Hospital Episode Statistics (HES) data cover all admissions to NHS hospitals in England and contain a field that allows separate admission spells by the same patient to be linked. Data were extracted for the years April 1999-March 2000 to April 2003-March 2004. All emergency admissions in 2000/2001 were sorted by patient and dates of admission, and the first admission for each patient taken as the ‘index spell’. Patients who died at the end of this first admission were excluded. The number of further emergency admissions, first between 0 and 365 days and, secondly, between 366 days and 36 months from the date of admission of the index spell was counted for each patient. High-impact users were defined as those patients with at least two further emergencies within a year (i.e. three or more emergency admissions in a 12-month period).
The number of emergencies in the 365 days before the index spell was also calculated and added to the data set. Other variables added to the data set included:
- the Charlson index of comorbidity (originally developed for predicting 1-year mortality, giving various weights to the presence of conditions such as diabetes and malignancy) based on ICD10 diagnosis codes,9 age, ethnicity, whether the main diagnosis was an ambulatory care sensitive condition (these are listed in )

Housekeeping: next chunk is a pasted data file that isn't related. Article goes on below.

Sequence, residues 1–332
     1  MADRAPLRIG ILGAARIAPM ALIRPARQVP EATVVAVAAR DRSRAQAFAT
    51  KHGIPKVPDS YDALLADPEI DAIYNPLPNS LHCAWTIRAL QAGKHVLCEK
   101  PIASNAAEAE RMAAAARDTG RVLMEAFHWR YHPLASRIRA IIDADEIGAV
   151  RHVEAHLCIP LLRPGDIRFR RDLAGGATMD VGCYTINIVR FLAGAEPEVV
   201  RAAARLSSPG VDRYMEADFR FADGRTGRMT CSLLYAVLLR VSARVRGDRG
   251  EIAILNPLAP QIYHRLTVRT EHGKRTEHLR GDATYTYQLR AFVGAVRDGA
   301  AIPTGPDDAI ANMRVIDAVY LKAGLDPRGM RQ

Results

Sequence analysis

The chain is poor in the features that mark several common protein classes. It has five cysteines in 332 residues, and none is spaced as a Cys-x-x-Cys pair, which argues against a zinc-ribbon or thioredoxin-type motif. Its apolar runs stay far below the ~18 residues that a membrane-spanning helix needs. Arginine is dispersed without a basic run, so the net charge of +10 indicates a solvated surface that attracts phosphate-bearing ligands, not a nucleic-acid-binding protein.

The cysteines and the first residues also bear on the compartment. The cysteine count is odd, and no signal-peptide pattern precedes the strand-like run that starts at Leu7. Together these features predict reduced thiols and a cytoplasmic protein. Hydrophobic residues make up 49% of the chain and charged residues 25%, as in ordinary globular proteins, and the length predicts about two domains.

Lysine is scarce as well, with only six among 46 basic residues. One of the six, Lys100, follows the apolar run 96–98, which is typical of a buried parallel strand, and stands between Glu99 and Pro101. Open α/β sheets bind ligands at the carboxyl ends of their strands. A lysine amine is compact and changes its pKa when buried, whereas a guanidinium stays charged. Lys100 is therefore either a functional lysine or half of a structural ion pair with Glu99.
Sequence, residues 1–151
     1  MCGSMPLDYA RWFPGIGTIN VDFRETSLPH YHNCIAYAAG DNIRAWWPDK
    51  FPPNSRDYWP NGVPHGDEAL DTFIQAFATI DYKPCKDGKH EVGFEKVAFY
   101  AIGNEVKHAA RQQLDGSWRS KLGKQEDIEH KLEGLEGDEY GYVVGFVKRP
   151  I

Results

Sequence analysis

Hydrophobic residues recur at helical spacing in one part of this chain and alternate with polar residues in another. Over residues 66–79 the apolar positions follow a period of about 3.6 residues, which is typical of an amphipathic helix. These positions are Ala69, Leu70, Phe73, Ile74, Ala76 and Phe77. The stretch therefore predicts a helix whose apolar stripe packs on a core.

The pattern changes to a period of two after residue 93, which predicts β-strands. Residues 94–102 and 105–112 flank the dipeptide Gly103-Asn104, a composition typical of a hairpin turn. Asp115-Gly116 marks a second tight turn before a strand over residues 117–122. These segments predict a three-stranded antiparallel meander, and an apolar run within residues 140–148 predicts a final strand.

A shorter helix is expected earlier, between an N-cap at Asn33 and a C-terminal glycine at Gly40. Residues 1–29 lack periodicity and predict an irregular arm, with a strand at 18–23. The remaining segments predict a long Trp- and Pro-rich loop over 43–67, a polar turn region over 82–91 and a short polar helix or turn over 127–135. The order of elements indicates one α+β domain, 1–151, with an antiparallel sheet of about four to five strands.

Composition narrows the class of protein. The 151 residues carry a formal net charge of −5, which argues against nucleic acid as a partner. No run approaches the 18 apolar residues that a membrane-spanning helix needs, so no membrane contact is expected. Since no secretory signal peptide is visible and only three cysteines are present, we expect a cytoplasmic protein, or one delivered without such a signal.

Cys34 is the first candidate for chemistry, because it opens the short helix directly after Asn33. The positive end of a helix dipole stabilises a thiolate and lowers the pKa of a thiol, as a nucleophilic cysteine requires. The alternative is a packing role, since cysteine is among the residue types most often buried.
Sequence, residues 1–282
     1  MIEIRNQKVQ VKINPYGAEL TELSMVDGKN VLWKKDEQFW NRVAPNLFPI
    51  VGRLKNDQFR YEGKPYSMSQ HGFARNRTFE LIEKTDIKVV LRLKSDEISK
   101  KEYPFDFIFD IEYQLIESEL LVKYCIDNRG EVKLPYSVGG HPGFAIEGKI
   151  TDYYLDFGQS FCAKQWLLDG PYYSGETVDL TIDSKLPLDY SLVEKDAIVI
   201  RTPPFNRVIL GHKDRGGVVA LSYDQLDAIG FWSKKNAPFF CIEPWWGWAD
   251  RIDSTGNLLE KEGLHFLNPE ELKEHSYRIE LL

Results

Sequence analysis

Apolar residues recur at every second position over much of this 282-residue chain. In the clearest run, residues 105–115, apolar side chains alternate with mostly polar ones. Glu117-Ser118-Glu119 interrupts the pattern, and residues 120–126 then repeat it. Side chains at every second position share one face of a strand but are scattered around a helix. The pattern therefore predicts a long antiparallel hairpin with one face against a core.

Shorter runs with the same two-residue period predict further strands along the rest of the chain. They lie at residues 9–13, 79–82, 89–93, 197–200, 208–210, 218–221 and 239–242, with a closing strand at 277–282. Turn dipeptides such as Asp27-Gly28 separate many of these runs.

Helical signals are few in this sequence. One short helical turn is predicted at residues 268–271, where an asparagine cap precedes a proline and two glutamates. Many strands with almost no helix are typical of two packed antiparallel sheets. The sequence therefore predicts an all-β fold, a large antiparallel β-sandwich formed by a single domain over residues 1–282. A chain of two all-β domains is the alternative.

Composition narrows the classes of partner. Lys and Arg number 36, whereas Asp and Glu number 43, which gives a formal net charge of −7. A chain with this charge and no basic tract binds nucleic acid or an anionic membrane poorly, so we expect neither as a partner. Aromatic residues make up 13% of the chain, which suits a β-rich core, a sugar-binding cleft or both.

Subsequent emergency spells and deaths in 3 years of follow-up by factor relating to index spell in 2000/2001
- two area-level socio-economic indices: MOSAIC type10 and the Index of Multiple Deprivation 2004 score with areas grouped into fifths with equal population11
- the log-transformed age-sex standardized emergency admission ratio of the patient's electoral ward of residence
- the number of consultant episodes in the index spell, the sex of the patient and the source of the hospital admission ().
Covariates used to predict high impact user status in descending order of importance in explaining the variation
The patients were then randomly divided into two groups of equal size to give a ‘training’ dataset from which to develop a model to predict the likelihood of patients becoming high-impact users and a ‘validation’ dataset to test the model. Parameter estimates from the two halves of the data were compared and model fit assessed by inspecting residuals as usual.12